Please ensure Javascript is enabled for purposes of website accessibility


By Eric A. Clayton

My youngest daughter has a new, common refrain: “You’re the best, Daddy!”

It sounds cute. Then you realize — as I recently have — that it’s a phrase she reaches for when she’s in trouble. When she’s trying to redirect or placate me. When she’s caught in the act with nothing but a smile and a high-pitched voice for defense.

Still. It’s cute, even if I’m usually irritated when I hear it. I smile all the same. She’s forced my hand. My response is obvious. “You’re the best—”

And, of course, I pause. I have two daughters after all. “You’re the best, Mira,” I say. Even when my oldest is not within earshot, I add, “And Elianna is the best Elianna!” Based on who else is around, or who we’ve recently seen or talked about, I add a few more names. A few more “bests.” Just so we’re all on the same page.

It feels a little silly. Almost like a cop out. What am I really even saying? I’m just naming people we know at this point.

But the more I’ve done it and the more I’ve thought about it, the more I realize there’s a profound spiritual truth embedded in this silly bit of parenting. Profound and elusive because we’re so hesitant to claim it.

We are necessarily the best of ourselves. Just insert your name in the blanks: ______ is the best ______. Uniquely and wonderfully made!

Are we perfect? Of course not. Is there room to grow? I sure hope so. But pause for a moment in this month of gratitude to realize that baseline from which we begin is pretty high: We’re already who God had mind. We’re already the beloved of God.

And now, we pursue our own magis. We recognize that we are the best us around — there is no other version of us with the same set of experiences and insights, pains and passions, relationships and desires out there. From that place of utter uniqueness, we allow for the constant unfolding of our vocation.

In short: “Our one desire and choice should be what is more conducive to the end for which we are created.” That’s the final bit of Ignatius’ First Principle and Foundation. The bit that highlights the magis. The bit that reminds us that we are the best and only getting better because we’re already the delight of our God — and God still desires greater and greater things for us.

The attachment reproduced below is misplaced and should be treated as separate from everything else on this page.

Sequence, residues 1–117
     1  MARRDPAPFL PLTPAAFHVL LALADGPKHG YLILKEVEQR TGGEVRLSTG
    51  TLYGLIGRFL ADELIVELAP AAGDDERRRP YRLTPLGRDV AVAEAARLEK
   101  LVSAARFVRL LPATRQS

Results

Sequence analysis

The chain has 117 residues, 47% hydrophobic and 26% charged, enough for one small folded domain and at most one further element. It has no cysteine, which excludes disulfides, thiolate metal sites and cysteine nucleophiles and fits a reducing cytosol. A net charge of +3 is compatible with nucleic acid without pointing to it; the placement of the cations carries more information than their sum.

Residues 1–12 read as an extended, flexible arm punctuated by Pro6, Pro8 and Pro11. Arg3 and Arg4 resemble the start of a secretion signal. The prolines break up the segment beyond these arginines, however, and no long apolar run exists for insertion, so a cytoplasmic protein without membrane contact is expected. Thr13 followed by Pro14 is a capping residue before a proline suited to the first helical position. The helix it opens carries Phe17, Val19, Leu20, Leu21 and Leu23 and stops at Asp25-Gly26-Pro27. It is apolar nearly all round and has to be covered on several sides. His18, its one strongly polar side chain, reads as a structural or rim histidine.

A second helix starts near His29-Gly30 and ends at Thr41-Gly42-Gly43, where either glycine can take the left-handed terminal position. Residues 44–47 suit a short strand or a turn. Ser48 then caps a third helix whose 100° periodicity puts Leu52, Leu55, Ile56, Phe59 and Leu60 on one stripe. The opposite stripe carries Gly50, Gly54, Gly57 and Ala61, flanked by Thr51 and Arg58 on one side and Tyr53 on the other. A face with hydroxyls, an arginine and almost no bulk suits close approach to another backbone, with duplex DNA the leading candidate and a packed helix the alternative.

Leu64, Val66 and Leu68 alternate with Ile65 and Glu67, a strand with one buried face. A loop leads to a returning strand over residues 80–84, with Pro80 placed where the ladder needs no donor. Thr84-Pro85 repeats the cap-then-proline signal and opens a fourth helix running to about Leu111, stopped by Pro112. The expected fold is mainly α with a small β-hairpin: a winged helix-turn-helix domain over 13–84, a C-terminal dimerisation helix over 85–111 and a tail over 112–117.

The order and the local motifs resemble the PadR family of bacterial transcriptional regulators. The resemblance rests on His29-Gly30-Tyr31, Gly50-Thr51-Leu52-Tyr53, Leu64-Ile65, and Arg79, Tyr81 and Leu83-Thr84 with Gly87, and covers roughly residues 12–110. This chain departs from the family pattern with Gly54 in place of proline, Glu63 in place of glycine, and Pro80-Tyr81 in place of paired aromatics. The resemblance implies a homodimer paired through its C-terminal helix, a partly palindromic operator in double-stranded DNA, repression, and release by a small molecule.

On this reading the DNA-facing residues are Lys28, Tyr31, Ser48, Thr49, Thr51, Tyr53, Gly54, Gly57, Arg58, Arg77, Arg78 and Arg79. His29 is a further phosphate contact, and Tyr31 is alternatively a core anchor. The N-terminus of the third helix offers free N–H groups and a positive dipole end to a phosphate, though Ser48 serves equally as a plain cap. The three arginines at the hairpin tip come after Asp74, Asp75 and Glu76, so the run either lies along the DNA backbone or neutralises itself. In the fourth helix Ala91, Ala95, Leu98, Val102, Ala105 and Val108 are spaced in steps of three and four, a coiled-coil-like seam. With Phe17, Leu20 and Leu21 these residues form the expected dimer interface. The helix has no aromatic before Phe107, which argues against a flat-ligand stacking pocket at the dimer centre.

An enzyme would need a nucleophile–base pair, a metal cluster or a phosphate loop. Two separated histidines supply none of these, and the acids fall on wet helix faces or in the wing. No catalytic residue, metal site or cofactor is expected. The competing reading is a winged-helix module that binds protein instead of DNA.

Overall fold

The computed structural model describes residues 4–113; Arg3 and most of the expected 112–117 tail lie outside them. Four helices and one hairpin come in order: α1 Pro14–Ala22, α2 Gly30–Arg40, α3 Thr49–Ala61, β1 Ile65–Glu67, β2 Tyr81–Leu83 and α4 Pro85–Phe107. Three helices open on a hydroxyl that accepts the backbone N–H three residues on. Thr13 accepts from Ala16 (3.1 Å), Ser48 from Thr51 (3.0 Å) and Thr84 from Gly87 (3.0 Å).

Can you hear God saying to you: “______, you’re the best!” And if so, what response do those words stir in you?

Perhaps a deep sense of gratitude. Perhaps a desire to go out and into your own unique corner of the world to experience exactly why God considers you beloved.

It’s a simple, basic truth. And yet, I don’t think we can ever fully plumb the depths of its spiritual resonance for our unique selves and our shared world.

This reflection is part of the award-winning weekly email series, “Now Discern This.” If you’d like to get reflections like this one directly in your inbox every Wednesday, sign up here.

a person smiling for the cameraEric A. Clayton is the award-winning author of Cannonball Moments: Telling Your Story, Deepening Your Faith (Loyola Press) and the deputy director of communications at the Jesuit Conference of Canada and the United States. His essays on spirituality, parenting and pop culture have appeared in America MagazineNational Catholic ReporterU.S. Catholic, Busted Halo and more, and he is a regular contributor to Give Us This Day, and Dork Side of the Force, where he blogs about Star Wars. His fiction has been published by Black Hare Press, Small Wonders Magazine and more. He lives in Baltimore, MD with his wife, two young daughters and their cat. Sign up for his Substack “Story Scraps” here. His next book, My Life with the Jedi: The Spirituality of Star Wars, an exploration of Star Wars through the lens of Ignatian spirituality, is due out in February 2024 from Loyola Press.